In The News

Radio Theater Workshop for Teens

Posted by on Feb 16, 2015 in In The News | 0 comments

We are thrilled to introduce a unique opportunity for teens interested the art of radio theater. River Town Radio Theatre is hosting a summer workshop for teens on Tuesday and Thursday evenings July 7, 9, 14, 16 and 21 from 6:30pm to 9:00pm at The Book Garden. The classes will focus on, writing, sound effects, and performance and culminate with a LIVE performance on WDVR on the evening of July 23. 

Cost: $125 per student; a portion of the tuition will be contributed to WDVR in support of their programming. 

Space is limited for both programs. E-mail or call us at 908-996-2022 for more information and to register.





Imaginarium Summer Camp Is Back!

Posted by on Jan 11, 2015 in In The News | 0 comments

Imaginarium Summer Camp Is Back!

Spread your wings and let your inner fairy, griffin and dragon fly, or keep your feet on the ground and explore your inner gnome or elf!

Over the week we will read about these wonderful beings and bring them to life with poetry, and write and illustrate our own tales as a group with a group written book. Children will also create their own small garden for their chosen beings to live in.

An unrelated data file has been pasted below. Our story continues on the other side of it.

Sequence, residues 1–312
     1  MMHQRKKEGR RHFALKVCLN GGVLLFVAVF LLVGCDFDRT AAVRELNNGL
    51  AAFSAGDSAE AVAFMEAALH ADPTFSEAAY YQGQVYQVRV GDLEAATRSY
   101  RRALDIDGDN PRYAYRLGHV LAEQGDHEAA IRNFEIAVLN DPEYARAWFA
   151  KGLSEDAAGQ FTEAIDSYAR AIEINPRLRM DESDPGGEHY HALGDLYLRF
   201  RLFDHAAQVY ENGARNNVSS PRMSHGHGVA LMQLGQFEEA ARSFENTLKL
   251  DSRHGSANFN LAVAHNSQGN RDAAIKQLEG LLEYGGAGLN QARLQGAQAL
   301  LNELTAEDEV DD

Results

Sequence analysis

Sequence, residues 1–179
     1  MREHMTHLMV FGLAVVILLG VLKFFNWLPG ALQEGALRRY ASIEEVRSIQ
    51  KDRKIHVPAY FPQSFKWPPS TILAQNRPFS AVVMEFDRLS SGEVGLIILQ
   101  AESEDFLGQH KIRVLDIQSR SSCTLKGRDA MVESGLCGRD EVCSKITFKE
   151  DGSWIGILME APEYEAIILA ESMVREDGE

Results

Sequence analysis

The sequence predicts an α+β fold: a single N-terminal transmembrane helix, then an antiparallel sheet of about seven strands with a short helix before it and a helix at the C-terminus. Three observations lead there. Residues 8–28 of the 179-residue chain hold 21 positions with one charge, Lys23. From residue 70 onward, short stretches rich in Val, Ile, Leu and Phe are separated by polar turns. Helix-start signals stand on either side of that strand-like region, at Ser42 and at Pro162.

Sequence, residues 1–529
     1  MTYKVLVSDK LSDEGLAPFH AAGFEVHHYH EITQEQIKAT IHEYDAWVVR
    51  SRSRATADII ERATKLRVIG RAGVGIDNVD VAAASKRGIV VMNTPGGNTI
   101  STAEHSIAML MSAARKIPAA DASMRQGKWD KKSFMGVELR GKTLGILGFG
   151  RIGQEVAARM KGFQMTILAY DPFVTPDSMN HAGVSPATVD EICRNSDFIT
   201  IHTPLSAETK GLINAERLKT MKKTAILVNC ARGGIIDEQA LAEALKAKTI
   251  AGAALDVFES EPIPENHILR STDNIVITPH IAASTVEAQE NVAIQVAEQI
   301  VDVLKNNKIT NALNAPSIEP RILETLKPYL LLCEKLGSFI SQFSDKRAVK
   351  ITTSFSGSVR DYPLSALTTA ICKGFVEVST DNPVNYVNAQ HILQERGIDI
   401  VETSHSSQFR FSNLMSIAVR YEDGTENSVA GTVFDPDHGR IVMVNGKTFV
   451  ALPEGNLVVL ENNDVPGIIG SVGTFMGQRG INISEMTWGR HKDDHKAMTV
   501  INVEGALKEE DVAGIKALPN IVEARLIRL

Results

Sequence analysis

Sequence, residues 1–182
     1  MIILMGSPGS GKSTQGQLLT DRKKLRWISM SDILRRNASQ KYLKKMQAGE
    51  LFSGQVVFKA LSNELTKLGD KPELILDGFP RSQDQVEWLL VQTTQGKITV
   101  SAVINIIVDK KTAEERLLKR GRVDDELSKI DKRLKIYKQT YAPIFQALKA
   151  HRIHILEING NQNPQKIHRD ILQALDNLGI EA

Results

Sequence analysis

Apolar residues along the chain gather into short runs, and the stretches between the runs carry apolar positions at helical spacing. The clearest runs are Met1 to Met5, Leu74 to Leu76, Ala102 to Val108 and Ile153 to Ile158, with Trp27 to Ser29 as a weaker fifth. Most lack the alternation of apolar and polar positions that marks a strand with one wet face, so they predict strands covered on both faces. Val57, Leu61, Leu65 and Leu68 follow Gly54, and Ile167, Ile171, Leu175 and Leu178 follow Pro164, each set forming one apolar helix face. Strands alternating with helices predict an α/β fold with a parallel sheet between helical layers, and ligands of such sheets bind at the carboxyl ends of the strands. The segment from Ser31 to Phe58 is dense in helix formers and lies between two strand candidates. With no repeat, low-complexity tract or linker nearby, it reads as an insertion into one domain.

Facilitating this week of fun is Grace Stearns-Fiorito, a Frenchtown local and mother of two. Grace is a poet and lover of the written word and all things colorful, imaginary and adventurous. Please join us at the Book Garden and let your young ones imaginations bloom.

Imaginarium Summer Camp Details:

  1. Who: Kids ages 6-11
  2. Where: The Book Garden
  3. When: July 6-10
  4. Time: 10:00am to 2:00pm
  5. Cost: $120.00 per child; includes snacks, materials, journal and Friday lunch. Talk to Caroline or Robert or email to reserve your child’s place.
    ***Space is limited***

To be added to our camper list drop us a line  at

Campers enjoy building dragon dens and fairy houses in the creek.

Campers enjoy building dragon dens and fairy houses in the creek.

Shopping Just Got Better – Thanks for Keeping it Local

Posted by on Nov 26, 2014 in In The News | 0 comments

What better place to celebrate the holiday season than in historic Frenchtown along the magnificent Delaware River. We look forward to seeing many of our old friends and to making new ones during this festive time of year.

We are kicking off the holiday season by starting our Small Business Saturday promotions on Friday –